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“Philosophical Issues in the Atonement”
The British philosopher, A. J. Ayer, once remarked that Christianity is arguably the worst of the world’s religions because it rests, in Ayer’s words, on the “allied doctrines of original sin and vicarious atonement, which are intellectually contemptible and morally outrageous.” Three sorts of objections have been lodged against the doctrine of vicarious atonement: (1) Substitutionary punishment is incoherent; (2) Substitutionary punishment is unjust; and (3) Substitutionary punishment is unsatisfactory. In this talk, William Lane Craig will examine these three objections and defend the coherence, justice, and satisfactoriness of Christ’s substitutionary atonement for our sins.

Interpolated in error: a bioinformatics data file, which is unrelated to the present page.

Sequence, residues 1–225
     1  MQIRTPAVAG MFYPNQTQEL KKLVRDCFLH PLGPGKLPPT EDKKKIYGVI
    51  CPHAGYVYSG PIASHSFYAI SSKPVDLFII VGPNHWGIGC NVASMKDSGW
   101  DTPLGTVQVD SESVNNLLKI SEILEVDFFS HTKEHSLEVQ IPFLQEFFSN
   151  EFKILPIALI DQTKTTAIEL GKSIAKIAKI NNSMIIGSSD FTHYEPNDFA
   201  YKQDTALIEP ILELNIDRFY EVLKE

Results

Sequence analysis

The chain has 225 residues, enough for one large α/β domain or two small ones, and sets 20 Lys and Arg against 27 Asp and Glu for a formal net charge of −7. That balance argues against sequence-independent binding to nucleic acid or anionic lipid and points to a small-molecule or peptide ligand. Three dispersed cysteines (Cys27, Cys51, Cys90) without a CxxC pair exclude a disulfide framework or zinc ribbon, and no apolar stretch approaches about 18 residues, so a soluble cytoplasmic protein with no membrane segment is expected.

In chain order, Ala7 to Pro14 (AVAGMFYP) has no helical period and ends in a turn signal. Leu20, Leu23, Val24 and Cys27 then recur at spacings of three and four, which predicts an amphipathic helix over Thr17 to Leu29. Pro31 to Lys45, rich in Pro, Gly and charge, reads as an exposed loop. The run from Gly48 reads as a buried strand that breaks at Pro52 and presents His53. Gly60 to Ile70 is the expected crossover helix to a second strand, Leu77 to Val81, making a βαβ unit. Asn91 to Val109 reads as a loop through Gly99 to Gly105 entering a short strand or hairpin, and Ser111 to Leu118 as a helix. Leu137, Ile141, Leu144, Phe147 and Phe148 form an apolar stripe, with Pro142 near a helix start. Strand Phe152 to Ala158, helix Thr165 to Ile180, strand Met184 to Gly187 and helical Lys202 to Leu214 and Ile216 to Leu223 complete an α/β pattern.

William Lane Craig is Professor of Philosophy at Houston Baptist University and a Visiting Scholar at Talbot School of Theology in La Mirada, California.